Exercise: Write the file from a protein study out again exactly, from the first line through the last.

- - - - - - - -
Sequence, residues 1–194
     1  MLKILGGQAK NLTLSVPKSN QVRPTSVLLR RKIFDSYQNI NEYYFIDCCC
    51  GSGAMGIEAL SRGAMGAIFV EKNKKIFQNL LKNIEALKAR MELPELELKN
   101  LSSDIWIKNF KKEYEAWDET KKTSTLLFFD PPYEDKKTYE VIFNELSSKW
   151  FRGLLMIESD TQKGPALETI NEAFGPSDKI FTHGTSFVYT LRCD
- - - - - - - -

Sequence, residues 1–194
     1  MLKILGGQAK NLTLSVPKSN QVRPTSVLLR RKIFDSYQNI NEYYFIDCCC
    51  GSGAMGIEAL SRGAMGAIFV EKNKKIFQNL LKNIEALKAR MELPELELKN
   101  LSSDIWIKNF KKEYEAWDET KKTSTLLFFD PPYEDKKTYE VIFNELSSKW
   151  FRGLLMIESD TQKGPALETI NEAFGPSDKI FTHGTSFVYT LRCD